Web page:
Georgia Court Says Internet Cache Not Proof Of Porn Possession - InformationWeek

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7/2/2007
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Georgia Court Says Internet Cache Not Proof Of Porn Possession

The decision could make it more difficult for prosecutors to convict others for viewing child pornography.

A Georgia appeals court has thrown out a conviction against a man accused of viewing more than 100 images of child pornography.

The decision could make it more difficult for prosecutors to convict others for viewing child pornography, according to a report from Law.com.

Edward Ray Barton had been convicted in county Superior Court of child exploitation. He was sentenced to 20 years in prison after a computer forensics expert testified that his Internet cache contained more than 100 images of child pornography. The Georgia Court of Appeals overturned the conviction. The judges stated that investigators did not prove that Barton knowingly possessed the material. They said that the images were inaccessible in temporary Internet files on his hard drive.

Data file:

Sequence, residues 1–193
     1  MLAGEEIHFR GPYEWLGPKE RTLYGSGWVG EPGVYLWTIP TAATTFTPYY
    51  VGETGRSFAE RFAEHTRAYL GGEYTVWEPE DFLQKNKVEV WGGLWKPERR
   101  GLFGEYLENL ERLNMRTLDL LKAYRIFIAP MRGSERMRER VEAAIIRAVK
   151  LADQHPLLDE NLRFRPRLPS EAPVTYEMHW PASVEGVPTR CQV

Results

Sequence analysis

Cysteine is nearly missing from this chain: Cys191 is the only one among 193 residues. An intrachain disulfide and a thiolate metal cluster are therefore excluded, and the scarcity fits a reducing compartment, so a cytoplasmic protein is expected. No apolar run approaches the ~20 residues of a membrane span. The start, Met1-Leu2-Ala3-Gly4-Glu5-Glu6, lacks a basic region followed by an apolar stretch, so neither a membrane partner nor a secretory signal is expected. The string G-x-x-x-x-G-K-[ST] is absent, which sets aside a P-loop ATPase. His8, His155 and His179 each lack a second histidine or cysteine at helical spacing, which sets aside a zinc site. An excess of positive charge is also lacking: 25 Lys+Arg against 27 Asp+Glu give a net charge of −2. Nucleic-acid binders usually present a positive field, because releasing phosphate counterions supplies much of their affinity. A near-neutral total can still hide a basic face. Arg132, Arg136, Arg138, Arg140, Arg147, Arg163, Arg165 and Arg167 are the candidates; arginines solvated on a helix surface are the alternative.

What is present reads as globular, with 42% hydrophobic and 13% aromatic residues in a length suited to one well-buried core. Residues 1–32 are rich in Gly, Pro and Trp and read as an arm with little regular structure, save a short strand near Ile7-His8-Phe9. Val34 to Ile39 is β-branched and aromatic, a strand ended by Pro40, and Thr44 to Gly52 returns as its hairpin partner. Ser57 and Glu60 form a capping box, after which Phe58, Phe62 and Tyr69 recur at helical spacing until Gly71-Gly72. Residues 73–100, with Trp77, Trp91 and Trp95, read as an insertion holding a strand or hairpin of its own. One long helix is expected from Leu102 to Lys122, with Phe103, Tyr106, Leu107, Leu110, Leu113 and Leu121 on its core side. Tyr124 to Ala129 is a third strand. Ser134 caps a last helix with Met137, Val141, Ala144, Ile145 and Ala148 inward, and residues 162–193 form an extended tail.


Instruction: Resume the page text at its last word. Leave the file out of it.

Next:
Georgia law prohibits possession of child pornography, but it specifies that the perpetrator must be aware the child pornography is in his or her possession.

Prosecutors failed to prove that Barton knowingly stored or saved the files or that he was a "sophisticated computer user who would have been aware of this automatic storage process," according to the court opinion. The judges also stated that Barton could not have retrieved the material without special software, which they concluded that he did not possess.

Police charged Barton with violating Georgia's child exploitation laws. As police investigated accusations of child molestation against Barton, Barton's wife provided police with the laptop containing the cached images. A jury acquitted Barton on the child molestation charges, which his lawyer noted stemmed from a contentious divorce.

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